Jamaican Caving Notes
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June 7, 2004
FONTABELLE CAVE 2
Position: WGS84 - 18 23' 59.1" N, 77 39' 10.5" W
Field notes: R. S. STEWART
Cavers: R. S. Stewart, M. Taylor, I. C. Conolley, M. Bellinger, D. K. Roggy, R. Stirling
Time in: 14:00 EST, Time out: 17:00 EST
THREAT VULNERABILITY: High
This was the second day of the June expedition and the first day of real caving. I still hadn't caught up on lost-sleep accumulated since my arrival in Ja on the evening of Jun 5, and so our decision to have a look at a new pit, reported by Martel to be near/at Fontabelle Cave, was fine with me. There would be no great drive or hike to reach it.
For reasons unknown, the previous approach to the cave, driving up a rural lane from Fontabelle, past Bottom Pond, was now not possible because it had been blocked by felled trees. Speculation on why this had been done quickly leads one to an obvious explanation, but because our interest is only in caves in Jamaica, and because Martel had info on an alternate route, it did not interfere with our approach to the cave. By taking the alternate route, we also did not inadvertantly trod through a field that it was best we not see.
The route involved driving north on a rural lane from the Fontabelle-Friendship road, to find an intersecting lane that would lead east towards the Coffee Hall district. Our crew were in two cars, mine and Ivor's. We missed the intersecting lane on our first try, but an old, crude GPS position that I still had for Fontabelle Cave enabled us to find it on the second try. The road was very rough and bushed-up, but Dietrich took the initiative, and walked ahead, scouting for rocks, and clearing dead logs, while I crawled along in the Corolla, with Ivor following me. Both vehicles had the minimum number of people onboard, i.e. the drivers, so we managed a km of rutted back-country lane with no lost mufflers or flattened tires. As I drove, I ran the GPS. When it showed us only several hundred metres north of my old position, and the closest that this road would get us, we came to an old section of cultivated land that Martel remembered as being the start of the hike to the entrance.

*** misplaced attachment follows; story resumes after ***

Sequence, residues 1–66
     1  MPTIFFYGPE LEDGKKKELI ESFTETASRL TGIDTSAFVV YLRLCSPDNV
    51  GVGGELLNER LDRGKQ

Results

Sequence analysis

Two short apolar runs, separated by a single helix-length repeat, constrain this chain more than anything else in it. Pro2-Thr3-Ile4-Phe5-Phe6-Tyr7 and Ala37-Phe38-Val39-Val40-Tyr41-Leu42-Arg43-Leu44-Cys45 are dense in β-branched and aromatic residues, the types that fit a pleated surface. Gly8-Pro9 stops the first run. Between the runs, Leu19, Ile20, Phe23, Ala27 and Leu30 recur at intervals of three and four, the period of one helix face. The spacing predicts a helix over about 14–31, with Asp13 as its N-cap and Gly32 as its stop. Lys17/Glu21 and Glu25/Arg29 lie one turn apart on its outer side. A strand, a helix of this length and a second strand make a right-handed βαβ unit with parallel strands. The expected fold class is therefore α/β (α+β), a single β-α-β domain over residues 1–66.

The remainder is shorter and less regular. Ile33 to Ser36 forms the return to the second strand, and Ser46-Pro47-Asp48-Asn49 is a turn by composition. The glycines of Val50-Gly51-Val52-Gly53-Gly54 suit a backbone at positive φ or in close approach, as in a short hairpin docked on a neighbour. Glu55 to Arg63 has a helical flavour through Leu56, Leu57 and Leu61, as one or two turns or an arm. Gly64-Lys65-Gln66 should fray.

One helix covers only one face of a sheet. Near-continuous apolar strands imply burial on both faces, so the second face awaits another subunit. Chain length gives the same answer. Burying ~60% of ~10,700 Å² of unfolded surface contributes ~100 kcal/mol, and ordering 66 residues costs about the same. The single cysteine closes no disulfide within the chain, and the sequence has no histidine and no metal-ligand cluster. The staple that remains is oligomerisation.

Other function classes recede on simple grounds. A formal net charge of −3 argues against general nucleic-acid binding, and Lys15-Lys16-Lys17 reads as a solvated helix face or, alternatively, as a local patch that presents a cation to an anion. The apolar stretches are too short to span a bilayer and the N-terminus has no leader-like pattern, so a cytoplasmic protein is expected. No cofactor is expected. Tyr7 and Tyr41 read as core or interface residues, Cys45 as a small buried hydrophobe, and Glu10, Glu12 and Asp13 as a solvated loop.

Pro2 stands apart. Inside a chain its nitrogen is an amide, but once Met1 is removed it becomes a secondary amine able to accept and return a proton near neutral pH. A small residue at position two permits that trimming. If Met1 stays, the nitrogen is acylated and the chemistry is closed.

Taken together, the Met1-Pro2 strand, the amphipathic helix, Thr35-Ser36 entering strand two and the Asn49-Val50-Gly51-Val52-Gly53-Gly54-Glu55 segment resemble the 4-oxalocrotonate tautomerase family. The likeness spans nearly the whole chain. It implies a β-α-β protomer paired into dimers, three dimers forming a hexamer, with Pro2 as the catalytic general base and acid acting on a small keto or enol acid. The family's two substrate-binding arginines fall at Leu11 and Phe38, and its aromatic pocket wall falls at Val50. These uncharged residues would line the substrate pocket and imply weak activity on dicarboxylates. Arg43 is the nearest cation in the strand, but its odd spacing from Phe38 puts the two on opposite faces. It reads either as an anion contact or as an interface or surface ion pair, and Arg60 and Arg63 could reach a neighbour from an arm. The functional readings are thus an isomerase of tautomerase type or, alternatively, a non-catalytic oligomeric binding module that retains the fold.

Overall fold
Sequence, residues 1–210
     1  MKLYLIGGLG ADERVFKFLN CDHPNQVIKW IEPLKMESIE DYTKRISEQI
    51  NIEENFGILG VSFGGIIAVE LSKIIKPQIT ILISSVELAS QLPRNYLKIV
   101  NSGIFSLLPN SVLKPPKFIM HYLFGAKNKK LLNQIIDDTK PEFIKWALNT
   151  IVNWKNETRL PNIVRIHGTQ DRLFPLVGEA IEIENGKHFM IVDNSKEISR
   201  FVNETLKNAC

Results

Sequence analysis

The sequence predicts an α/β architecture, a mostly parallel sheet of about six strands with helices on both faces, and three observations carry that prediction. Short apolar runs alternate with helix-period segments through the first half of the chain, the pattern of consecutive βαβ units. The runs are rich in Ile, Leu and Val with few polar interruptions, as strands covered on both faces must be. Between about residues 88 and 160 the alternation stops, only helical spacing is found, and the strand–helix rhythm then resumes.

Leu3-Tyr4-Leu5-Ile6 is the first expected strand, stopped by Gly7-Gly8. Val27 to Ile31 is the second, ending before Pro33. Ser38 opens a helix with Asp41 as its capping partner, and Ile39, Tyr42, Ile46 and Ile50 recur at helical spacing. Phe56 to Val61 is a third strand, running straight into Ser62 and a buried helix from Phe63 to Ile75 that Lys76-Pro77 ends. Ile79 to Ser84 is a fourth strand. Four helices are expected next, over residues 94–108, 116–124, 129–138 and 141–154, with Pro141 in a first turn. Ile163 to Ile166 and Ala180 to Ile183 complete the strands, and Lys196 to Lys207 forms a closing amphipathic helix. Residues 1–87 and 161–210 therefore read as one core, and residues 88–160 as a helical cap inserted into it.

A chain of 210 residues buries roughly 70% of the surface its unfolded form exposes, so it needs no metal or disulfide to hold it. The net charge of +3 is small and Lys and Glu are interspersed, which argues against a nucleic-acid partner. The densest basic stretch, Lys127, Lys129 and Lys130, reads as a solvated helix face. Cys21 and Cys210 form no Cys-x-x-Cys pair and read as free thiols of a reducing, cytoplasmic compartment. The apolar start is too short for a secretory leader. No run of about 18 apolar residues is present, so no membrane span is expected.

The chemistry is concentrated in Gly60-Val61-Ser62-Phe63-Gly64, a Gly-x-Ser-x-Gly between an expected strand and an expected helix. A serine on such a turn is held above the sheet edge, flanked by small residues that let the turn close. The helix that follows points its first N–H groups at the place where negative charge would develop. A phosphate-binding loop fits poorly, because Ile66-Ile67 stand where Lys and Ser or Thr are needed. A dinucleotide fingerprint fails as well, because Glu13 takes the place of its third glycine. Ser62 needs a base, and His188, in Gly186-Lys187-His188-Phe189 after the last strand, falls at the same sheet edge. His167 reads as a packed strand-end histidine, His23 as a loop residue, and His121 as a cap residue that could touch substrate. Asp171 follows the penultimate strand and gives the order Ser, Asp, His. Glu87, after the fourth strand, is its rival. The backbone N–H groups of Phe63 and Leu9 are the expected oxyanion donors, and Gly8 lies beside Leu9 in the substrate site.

A bit of a jaunt up a hill, not terribly steep, soon brought us to the entrance to Fontabelle Cave. It had been many years since my last visit, but I found it all still somewhat familar. What was not familiar was the associated entrance to the south, sharing the same large shelter chamber as Fontabelle Cave proper; we'd missed this last time.
On the left, as one enters the saddle that gives access to the Fontabelle Caves from the north, a very large, highly eroded shelter cave is reached. By all appearances, this was at some time in the distant past a breakdown chamber cave that has now collapsed to become part of the current saddle. Whatever the morphology was, it now stretches some 40 m across with a depth of 10 m, under shelved overhangs, on the east side of saddle, and gives access to two separate caves. The map in JU is of the large, main cave, that has lightholes. On the south side of the shelter entrance, a smaller cave is found with an upper level extending down to the NE, towards the main cave, and a lower level reached by way of a 12 m drop found on the south side. This drop was Martel's new find.
It looked quite promising, so we anchored the 50 m rope to a tree, and fed it through an opening of 1.5 x 1.5 m that was a little above the main drop, but in a more direct line. In the course of the rigging, I had ended up somewhat lower, below a large breakdown boulder, and as scrambling over this boulder to get on ascent, (first again for a reason I can't quite figure out... the others seem to like to feed me down the hole first to see if there any monsters or such), I slipped on leaf-litter, slid back down the boulder, and rolled for about 10 m downslope. The others thought I was about to die. Myself, I felt only embarrasment, knowing in my flitting thoughts while en route that there was just a sandy slope below, down the chamber of the upper level. If it had been a nasty drop, I would have been much more careful. With only my dignity injured, I scrambled back up over the boulder, (being much more careful), got on rope, and rapped into our new pit.
After a very nice little descent of about 12 m, I touched down in a medium sized breakdown chamber. Even before I hit bottom, I could see that the morphology was fascinating . An arch stretched thinly, metres across and high, from the wall of the chamber to meet the floor on an anciently cemented mound of breakdown boulders. The entire look of the chamber was different than others we've known. In addition to this, and more importantly, I could see at least two ways on.